Vocalist Harry Babbitt’s smooth baritone voice is most associated with Kay Kyser’s orchestra. Born in St. Louis, Babbitt studied singing and played drums as a youth. He led his own band in the early-1930s but gave it up to sing and do emcee work in theaters and nightclubs in his hometown and in Texas. In 1935, he took a job as announcer and singer on radio station KWK in St. Louis.
Babbitt sent an audition record of himself to Kyser in early 1937 and was hired sight unseen, making his debut on the band’s popular College of Musical Knowledge radio series in February. Over the next seven years, he was featured on several hit records, sometimes paired with female vocalist Ginny Simms or as part of a group number. He also appeared with the orchestra in several films and led the band whenever Kyser was absent. He was an extremely popular vocalist, placing fourth in Billboard magazine’s 1941, 1942 and 1943 college polls as best male band vocalist. He placed second best male vocalist in their 1945 high school poll, behind Bing Crosby and ahead of Frank Sinatra. He became famous for voicing the laugh of Woody Woodpecker on Kyser’s 1944 song of the same name, much to his chagrin. He often used a falsetto voice on novelty tunes, though he typically sang ballads.
Babbitt left Kyser for the Navy in May 1944. Upon his discharge in early 1946, he had no trouble lining up work, signing a contract with the Mercury label and appearing on both NBC and Mutual radio programs. In 1946 and 1947, he released a number of sides for Mercury, backed by Richard Maltby and Jimmy Hilliard, which included duets with Connie Haines.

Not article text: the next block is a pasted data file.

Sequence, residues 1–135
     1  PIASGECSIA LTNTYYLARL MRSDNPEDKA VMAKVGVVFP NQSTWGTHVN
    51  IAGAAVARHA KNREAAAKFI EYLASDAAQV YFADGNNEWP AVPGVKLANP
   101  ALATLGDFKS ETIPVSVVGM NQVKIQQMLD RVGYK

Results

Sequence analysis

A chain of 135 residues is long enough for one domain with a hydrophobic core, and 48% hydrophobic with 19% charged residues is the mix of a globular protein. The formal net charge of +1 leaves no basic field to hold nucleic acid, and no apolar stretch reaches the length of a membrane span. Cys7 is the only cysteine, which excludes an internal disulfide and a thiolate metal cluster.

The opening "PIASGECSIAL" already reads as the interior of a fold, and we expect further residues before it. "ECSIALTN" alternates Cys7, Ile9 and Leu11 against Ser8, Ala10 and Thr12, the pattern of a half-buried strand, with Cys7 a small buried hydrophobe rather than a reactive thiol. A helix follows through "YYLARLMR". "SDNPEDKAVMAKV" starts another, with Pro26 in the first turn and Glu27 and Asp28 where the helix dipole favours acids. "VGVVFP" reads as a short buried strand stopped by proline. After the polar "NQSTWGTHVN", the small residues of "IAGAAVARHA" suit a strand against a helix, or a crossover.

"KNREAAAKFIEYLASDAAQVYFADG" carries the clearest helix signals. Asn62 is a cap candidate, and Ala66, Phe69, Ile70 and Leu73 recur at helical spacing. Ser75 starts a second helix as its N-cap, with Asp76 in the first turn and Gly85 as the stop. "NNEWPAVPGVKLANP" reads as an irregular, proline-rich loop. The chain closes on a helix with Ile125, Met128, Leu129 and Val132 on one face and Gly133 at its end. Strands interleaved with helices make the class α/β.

In January 1947, Babbitt rejoined Kyser, though he also continued working solo as well, obtaining special permission from Mercury to record on Columbia with Kyser’s band. Mercury dropped Babbitt completely in May, and that same month he signed with Decca’s newly-revived Vocalion imprint. In December, he signed with Decca’s new Coral label, where he sang both solo and with other artists, including Martha Tilton, the Allen Sisters, and the Heart Beats. In 1949, he also recorded on Columbia as part of their line of children’s records, which he continued to do into the mid-1950s.
In early 1949, CBS radio considered teaming Babbitt with fellow former bandmate Simms, putting together an audition record, but they never followed through on the project. Babbitt became a regular on Kyser’s NBC radio program in October 1949. He starred in his own five-day-a-week CBS radio program starting in late 1949 which ran through at least 1958.
Babbitt also appeared on several early television shows. In late 1948, he joined singer Trudy Erwin on an evening television program on Los Angeles station KTTV. In the early 1950s, he served as emcee of the television programs Bandstand Review and Hollywood Opportunity over Los Angeles station KTLA. The former program featured Frank DeVol’s orchestra and, starting in fall 1951, that of Les Brown. He also did emcee work for NBC’s daily Glamour Girl program. In an interview, Babbitt said he preferred emcee work to endless one-night stands in clubs and theaters. He continued on television through at least the mid-1950s. In 1955, he also became head of the Lucky Pop Beverage Company, which made soft drink tablets. In 1957, Babbitt was singing emcee for the CBS radio program Matinee, with Marion Morgan as the show’s female vocalist. He and Morgan teamed up again in 1963 for the short-lived game show Sing Ahead produced by Los Angeles television station KTLA.
Babbitt left show business in 1964 to sell real estate. When Kyser died in 1985, he obtained rights to the band’s name and catalog from the orchestra leader’s widow, Georgia Carroll, and formed a new band under Kyser’s name, touring until the mid-1990s. In 1997, he appeared at the University of New Mexico’s “Battle of the Big Bands II,” where he competed with Frank DeVol, Rex Allen and Irv Kluger leading the Big Band Alumni Orchestra. Harry Babbitt passed away in 2004.